Some cultures make extensive and strict divisions of space into women's space and men's space. In subsistence agricultural societies, for example, farmland is often divided up between genders. Men control certain types of land to grow certain crops, while women get control of other land for other crops. Figure 3 shows an example of the gender division of a field in the Dominican Republic. The specifics of which lands and crops are assigned to which gender can profoundly shape the roles, and relative power, of men and women. For example, in many such societies women are assigned to the crops that are basic staples of the household, while men grow the cash crops that bring in money for the household -- giving men greater control of the family's finances, while women's roles as keepers of the household are reinforced. Changing circumstances can interact with the gendering of spaces to create conflict between men and women. For example, if a development agency creates opportunities to expand certain types of cash crops usually grown by men (in the interest of raising the region's economic prosperity), there may be an incentive for men to encroach on women's land to enhance their own profits. The result could be a greater degree of inequality between the genders (Rocheleau et al. 1996). For this reason, many development agencies have recently begun to specifically target things that are traditionally women's activities, in hopes of reducing gender inequality.

One very common form of gendered spaces is referred to as the public-private divide. The traditional view in most Western and Islamic societies is that private space belongs to women, while public space belongs to men. Thus, women should remain in the home and care for the family's own affairs. Meanwhile interactions between family groups and the wider world, in the public realms of the market and government, should be managed by men. This divide may be reinforced in various ways, from explicit legal barriers (such as the laws in some Islamic societies requiring women to wear concealing garments so that their presence doesn't create a distraction in male public space) to informal assumptions about people (such as that the food I bring to my public workplace for lunch must have been cooked for me in our private home by my wife). In many cases, it has historically been difficult for poor women and women of color to follow the gendered public-private divide, because they had to go out into the working world to support their families. Dominant groups then took this failure to follow the public-private divide as evidence that these women were not properly feminine (Collins 2000).

Gendered spaces are not simply assigned to men or women. They are typically assigned to particular forms of masculinity or femininity. Take, for example, public restrooms in the US and similar countries. The signs on the door simply say "men" and "women." But some types of men and women are excluded. In order to enforce the gender segregation of bathrooms, people whose gender expression does not conform to social expectations may be kicked out -- for example, women whose hair and clothing appears masculine or androgynous may be barred from the women's room. Transgender people also may face bathroom exclusion. A trans woman may not be regarded as a "real" woman, and therefore she may be prohibited from going in the women's room, while she faces the possibility of harassment if she enters the men's room (Curtis 2009).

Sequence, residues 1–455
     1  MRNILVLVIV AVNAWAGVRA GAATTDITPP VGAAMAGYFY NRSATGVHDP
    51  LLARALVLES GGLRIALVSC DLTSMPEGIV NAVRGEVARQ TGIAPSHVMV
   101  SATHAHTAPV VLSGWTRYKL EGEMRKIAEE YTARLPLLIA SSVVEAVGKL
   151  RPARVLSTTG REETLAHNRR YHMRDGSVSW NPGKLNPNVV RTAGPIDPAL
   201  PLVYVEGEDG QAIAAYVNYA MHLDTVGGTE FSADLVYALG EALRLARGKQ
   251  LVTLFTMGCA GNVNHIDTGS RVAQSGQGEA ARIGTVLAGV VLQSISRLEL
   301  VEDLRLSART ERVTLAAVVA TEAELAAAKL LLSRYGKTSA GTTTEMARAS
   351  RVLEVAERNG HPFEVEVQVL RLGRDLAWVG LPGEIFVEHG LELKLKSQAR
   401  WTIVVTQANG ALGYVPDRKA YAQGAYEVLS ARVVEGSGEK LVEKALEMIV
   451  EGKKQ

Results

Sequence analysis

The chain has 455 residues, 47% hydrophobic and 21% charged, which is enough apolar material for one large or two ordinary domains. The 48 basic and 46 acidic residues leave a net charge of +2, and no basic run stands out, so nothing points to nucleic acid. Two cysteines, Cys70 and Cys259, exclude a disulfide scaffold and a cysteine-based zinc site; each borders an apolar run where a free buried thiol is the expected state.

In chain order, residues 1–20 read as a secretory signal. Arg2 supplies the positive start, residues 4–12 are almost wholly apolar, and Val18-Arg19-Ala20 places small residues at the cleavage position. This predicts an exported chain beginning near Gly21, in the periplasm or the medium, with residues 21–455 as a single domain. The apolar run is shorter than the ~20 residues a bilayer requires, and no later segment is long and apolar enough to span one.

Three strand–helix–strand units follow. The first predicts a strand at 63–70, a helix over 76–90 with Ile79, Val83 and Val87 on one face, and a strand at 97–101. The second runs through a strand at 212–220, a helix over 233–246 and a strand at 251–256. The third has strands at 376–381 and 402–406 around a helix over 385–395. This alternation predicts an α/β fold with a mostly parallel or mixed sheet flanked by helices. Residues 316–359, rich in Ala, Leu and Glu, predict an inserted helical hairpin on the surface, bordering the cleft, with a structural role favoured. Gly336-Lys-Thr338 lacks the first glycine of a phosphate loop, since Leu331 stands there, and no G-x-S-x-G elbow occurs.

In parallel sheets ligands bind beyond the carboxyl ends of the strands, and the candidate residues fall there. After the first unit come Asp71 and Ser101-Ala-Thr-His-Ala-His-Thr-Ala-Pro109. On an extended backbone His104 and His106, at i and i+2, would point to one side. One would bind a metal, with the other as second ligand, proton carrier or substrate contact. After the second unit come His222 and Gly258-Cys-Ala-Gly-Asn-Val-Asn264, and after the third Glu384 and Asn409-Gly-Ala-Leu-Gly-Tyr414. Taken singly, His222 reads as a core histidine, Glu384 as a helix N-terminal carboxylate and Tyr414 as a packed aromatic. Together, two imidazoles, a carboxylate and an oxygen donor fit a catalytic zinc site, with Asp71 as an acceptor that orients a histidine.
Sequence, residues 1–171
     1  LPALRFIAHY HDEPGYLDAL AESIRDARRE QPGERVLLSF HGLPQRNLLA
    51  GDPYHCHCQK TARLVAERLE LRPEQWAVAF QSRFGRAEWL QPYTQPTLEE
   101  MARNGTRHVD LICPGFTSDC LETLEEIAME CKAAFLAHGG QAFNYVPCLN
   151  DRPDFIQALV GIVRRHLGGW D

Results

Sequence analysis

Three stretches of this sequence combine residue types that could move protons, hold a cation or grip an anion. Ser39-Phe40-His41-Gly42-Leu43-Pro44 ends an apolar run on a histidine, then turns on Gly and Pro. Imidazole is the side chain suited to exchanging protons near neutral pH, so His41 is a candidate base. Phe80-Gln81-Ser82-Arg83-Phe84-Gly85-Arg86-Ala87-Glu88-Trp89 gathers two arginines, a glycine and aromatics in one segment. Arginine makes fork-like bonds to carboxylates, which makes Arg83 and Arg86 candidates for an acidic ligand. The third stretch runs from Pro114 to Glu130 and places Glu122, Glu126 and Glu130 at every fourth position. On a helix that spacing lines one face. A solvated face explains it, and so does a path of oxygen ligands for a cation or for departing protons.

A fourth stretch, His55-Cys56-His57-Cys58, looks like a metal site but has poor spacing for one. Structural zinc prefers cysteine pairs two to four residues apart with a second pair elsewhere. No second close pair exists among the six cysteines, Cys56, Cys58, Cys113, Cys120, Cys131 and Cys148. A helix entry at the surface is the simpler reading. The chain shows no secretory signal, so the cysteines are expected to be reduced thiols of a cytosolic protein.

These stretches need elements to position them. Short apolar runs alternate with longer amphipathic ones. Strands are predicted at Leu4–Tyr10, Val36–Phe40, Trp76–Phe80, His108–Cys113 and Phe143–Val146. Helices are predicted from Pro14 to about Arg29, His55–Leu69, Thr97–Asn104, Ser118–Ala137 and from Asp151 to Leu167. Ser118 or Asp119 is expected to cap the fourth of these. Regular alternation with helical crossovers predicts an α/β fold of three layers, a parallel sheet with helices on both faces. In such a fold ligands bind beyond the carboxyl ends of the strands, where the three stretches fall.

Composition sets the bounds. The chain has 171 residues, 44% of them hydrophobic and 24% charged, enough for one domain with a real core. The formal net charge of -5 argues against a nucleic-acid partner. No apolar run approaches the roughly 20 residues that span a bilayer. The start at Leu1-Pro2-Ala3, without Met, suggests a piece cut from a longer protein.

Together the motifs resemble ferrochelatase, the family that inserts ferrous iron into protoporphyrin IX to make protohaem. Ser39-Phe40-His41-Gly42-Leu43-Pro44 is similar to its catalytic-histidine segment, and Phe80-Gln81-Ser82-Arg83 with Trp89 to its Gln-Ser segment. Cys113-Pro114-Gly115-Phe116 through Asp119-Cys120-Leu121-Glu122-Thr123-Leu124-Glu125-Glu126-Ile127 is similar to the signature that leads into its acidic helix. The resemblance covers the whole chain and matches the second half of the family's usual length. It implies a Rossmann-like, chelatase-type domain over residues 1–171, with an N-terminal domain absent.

Symbolic landscapes are also often highly gendered. In societies like the US and Australia, an important set of symbolic landscapes are the wilderness and the domestic sphere. These are closely associated with masculinity and femininity, respectively (Elder 2007). The wilderness is taken to be a place where men could prove and enhance their manliness through struggle against the elements. Women's role, on the other hand, was to maintain the virtues of civilization by tending to the domestic sphere in the home and settlements. This gendering of these symbolic landscapes was a significant part of the motivation for the establishment of national parks. People like Teddy Roosevelt wanted to maintain places where men could develop their manliness by "roughing it" and killing large animals, and feared that a loss of wilderness would lead to men becoming effeminate due to living their whole lives in civilized settings (Rome 2006). And these ideals survive today, for example in the Boy Scouts' idea that boys can be taught specifically manly virtues through a program centered around camping.

The gendering of spaces helps to reinforce a culture's gender norms (Cohen 2010). People who are in the "wrong" spaces are subject to punishments of various sorts, from teasing to violence. Which spaces receive which gendering sends messages about the proper character and duties of a person of a given gender (e.g. the wilderness is a masculine space, so men should be strong and tough). And gendered spaces can enable the dominant gender to retain control of valuable resources, as when important informal mentoring or making of business deals occurs at an all-male country club.

Sexuality and Sexualized Spaces [link]